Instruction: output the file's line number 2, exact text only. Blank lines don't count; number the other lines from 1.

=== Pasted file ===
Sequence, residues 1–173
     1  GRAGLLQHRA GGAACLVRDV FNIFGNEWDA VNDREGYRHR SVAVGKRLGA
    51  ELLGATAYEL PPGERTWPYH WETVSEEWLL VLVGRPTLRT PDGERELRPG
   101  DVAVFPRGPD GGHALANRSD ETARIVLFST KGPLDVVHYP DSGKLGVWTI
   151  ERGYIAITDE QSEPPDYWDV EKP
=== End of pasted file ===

     1  GRAGLLQHRA GGAACLVRDV FNIFGNEWDA VNDREGYRHR SVAVGKRLGA